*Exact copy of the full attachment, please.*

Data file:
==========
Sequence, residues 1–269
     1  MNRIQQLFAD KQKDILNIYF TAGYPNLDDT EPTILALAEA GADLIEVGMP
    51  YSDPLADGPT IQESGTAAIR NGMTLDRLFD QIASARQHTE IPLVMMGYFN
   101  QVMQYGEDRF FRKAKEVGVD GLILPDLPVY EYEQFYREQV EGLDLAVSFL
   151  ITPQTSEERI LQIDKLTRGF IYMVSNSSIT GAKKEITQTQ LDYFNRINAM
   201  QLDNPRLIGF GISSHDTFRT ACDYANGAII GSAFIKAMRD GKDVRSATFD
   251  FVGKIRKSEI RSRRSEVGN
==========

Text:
Sequence, residues 1–269
     1  MNRIQQLFAD KQKDILNIYF TAGYPNLDDT EPTILALAEA GADLIEVGMP
    51  YSDPLADGPT IQESGTAAIR NGMTLDRLFD QIASARQHTE IPLVMMGYFN
   101  QVMQYGEDRF FRKAKEVGVD GLILPDLPVY EYEQFYREQV EGLDLAVSFL
   151  ITPQTSEERI LQIDKLTRGF IYMVSNSSIT GAKKEITQTQ LDYFNRINAM
   201  QLDNPRLIGF GISSHDTFRT ACDYANGAII GSAFIKAMRD GKDVRSATFD
   251  FVGKIRKSEI RSRRSEVGN